These Humpback Whales Did Something Amazing To Help Out A Seal In Mortal DangerThe Rainforest Site
Humans aren’t the only animals that go out of their way to help other species, scientists have discovered. In an extraordinary scene, ocean researchers working near Antarctica in 2009 watched as a pair of humpback whales intervened to save the life of a Weddell seal being hunted by hungry killer whales. Amazingly, this wasn’t an isolated incident; humpback whales routinely barge into orca hunts and rob the predators of their prey.
The 2009 scene started like many other orca hunts. A lone seal, stranded on a floating ice floe, was surrounded by killer whales who worked together to knock it into the water where they could kill and eat it. While two orcas took up blocking positions behind the trapped seal, others in the pod rushed toward the front of the ice near the surface, creating a series of waves that crashed over the animal and pushed it dangerously close to the edge.
Just as it appeared to be working, and the seal floundered helplessly in the water, two enormous humpback whales arrived on scene to break things up. Moving with obvious purpose, the whales split into rescue and deterrence modes. While one humpback circled the scene to physically block the orcas, the other flipped onto its back and allowed the seal to climb onto its belly. Working together, the large whales managed to get the seal to a larger ice floe where it would be safe from the hunters.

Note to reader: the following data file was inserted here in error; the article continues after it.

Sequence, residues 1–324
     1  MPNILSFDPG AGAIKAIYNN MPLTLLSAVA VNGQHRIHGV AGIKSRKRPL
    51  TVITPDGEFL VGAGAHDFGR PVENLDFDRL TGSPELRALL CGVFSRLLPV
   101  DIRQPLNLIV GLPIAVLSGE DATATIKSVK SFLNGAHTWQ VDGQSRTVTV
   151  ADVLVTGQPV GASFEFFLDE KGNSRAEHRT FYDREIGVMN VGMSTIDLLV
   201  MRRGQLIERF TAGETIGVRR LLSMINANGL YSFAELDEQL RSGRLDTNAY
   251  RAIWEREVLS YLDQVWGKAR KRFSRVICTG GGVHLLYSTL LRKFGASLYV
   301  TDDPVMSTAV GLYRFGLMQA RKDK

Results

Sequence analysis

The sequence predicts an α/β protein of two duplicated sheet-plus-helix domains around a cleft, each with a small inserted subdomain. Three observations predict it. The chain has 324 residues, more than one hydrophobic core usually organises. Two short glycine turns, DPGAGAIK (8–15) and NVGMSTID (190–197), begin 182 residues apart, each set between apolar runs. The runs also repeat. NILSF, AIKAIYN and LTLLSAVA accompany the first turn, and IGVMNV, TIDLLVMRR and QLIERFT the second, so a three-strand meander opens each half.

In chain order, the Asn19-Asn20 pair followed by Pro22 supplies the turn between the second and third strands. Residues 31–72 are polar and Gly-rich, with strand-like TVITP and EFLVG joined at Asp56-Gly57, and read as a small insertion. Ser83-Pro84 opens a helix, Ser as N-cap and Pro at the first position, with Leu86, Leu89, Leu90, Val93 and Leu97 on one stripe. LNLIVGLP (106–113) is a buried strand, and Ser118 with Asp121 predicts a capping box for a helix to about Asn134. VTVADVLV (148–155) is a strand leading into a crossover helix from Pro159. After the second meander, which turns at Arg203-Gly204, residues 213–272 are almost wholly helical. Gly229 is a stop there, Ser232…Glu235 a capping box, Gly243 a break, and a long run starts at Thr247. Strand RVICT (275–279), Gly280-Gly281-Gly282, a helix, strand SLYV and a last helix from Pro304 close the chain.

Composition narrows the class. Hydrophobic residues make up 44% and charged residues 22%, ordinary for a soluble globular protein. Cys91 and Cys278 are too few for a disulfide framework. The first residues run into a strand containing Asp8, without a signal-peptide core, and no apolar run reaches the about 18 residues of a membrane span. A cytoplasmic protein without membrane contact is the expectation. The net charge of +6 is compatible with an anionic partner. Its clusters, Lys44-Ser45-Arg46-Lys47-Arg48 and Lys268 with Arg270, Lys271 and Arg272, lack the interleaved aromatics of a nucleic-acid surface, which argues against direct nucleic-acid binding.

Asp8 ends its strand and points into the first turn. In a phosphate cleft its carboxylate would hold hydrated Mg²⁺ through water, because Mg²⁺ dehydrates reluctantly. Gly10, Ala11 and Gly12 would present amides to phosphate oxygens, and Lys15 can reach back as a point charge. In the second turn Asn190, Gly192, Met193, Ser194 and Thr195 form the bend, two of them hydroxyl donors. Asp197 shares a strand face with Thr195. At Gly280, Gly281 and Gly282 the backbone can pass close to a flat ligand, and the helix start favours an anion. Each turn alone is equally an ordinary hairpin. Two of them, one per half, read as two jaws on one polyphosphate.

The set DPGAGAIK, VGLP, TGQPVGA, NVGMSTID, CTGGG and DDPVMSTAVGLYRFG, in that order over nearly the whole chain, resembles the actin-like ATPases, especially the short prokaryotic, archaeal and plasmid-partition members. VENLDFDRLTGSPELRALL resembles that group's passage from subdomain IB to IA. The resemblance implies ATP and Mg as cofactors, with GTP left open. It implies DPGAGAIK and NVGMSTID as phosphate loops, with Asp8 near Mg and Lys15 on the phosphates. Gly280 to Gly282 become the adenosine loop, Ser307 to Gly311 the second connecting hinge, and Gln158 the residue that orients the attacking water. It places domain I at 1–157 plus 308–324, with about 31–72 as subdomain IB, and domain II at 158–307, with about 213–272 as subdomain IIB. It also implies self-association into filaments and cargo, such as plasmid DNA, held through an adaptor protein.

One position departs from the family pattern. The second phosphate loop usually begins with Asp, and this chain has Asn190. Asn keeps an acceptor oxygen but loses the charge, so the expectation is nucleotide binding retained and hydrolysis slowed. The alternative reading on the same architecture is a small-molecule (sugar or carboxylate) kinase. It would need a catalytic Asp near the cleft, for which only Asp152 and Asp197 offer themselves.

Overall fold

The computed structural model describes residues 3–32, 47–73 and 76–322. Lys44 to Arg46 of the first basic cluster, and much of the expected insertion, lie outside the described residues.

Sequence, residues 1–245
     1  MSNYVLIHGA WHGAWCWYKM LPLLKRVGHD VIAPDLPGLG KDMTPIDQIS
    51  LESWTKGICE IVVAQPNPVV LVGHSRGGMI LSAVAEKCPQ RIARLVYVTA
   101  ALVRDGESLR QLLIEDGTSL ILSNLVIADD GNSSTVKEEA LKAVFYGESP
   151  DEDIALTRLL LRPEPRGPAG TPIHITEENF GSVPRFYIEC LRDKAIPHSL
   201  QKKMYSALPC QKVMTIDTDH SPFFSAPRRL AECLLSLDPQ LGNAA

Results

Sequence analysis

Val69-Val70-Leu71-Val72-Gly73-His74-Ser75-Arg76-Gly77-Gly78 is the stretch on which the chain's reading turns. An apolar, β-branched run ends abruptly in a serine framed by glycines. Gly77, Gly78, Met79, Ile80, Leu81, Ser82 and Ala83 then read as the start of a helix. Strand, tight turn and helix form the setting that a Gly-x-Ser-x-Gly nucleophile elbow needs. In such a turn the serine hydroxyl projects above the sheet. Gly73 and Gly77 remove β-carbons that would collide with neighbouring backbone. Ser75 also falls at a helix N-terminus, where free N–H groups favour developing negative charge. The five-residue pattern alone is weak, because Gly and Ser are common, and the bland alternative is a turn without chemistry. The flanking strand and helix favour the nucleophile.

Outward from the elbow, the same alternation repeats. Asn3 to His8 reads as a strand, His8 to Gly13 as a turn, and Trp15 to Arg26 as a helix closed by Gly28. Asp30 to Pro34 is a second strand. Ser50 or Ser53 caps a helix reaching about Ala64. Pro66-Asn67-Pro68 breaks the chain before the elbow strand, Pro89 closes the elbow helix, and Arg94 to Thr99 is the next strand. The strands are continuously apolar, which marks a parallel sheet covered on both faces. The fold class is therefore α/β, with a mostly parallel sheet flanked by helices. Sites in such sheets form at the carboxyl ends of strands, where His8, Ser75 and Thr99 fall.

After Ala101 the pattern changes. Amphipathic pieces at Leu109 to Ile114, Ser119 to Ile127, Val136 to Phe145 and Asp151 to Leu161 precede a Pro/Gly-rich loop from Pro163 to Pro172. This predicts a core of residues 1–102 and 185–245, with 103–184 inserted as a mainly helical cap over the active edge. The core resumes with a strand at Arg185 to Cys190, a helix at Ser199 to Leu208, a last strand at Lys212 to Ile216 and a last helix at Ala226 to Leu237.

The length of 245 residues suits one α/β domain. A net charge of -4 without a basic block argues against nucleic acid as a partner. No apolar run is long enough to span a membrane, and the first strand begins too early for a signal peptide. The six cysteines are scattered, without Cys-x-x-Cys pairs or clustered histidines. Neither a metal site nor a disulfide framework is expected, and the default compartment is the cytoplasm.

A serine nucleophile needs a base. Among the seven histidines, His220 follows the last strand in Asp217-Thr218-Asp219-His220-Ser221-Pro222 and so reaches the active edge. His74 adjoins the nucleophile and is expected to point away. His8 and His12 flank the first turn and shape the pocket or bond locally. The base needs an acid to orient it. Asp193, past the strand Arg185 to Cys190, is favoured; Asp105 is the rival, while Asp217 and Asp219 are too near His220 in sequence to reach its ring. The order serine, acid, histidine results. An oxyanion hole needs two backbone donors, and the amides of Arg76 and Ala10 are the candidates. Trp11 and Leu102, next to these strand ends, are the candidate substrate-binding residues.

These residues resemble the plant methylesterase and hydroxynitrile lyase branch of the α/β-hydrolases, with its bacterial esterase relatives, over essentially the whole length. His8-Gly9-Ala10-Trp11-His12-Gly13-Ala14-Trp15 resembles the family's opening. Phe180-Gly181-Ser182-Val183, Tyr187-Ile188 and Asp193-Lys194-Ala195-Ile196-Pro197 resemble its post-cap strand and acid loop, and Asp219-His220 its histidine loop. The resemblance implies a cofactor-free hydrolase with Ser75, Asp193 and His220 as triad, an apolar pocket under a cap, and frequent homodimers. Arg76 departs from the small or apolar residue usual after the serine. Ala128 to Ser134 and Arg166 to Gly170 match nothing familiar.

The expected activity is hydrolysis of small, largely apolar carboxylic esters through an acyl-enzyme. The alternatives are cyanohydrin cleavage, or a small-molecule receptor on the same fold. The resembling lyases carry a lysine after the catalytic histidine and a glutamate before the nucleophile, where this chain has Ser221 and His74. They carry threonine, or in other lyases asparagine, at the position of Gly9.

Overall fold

This is not the only time humpback whales have acted to save prey animals from killer whale attacks. Going back to 1951, marine biologists have seen humpbacks, always acting in pairs, move in to disrupt orca hunts 115 times. The need to save animals from killer whales seems to be an instinct that humpbacks all over the world share, and nobody is really sure why they do it. Humpback calves are hunted by orcas, so they may just dislike the hunters. It’s also possible that humpbacks feel an emotional connection with orcas’ victims and just want to help out. The fact that the rescued animals, which run the gamut from seals and sea lions to the calves of other whale species, can never return the favor marks this behavior as genuinely altruistic.
Humpback whales go out of their way to help animals in trouble. They seem to have learned the most important lesson about life on Earth: everybody has to look out for each other. Share your own story about helping animals on our blog.